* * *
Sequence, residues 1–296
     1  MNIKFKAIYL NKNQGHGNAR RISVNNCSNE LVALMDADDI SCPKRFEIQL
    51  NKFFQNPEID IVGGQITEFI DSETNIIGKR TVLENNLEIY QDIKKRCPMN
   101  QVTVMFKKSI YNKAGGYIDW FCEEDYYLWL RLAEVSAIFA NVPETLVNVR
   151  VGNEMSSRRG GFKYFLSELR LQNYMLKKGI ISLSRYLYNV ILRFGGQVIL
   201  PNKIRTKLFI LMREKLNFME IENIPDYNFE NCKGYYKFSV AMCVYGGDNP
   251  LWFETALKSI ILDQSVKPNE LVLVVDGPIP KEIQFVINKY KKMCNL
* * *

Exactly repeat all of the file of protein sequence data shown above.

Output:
Sequence, residues 1–296
     1  MNIKFKAIYL NKNQGHGNAR RISVNNCSNE LVALMDADDI SCPKRFEIQL
    51  NKFFQNPEID IVGGQITEFI DSETNIIGKR TVLENNLEIY QDIKKRCPMN
   101  QVTVMFKKSI YNKAGGYIDW FCEEDYYLWL RLAEVSAIFA NVPETLVNVR
   151  VGNEMSSRRG GFKYFLSELR LQNYMLKKGI ISLSRYLYNV ILRFGGQVIL
   201  PNKIRTKLFI LMREKLNFME IENIPDYNFE NCKGYYKFSV AMCVYGGDNP
   251  LWFETALKSI ILDQSVKPNE LVLVVDGPIP KEIQFVINKY KKMCNL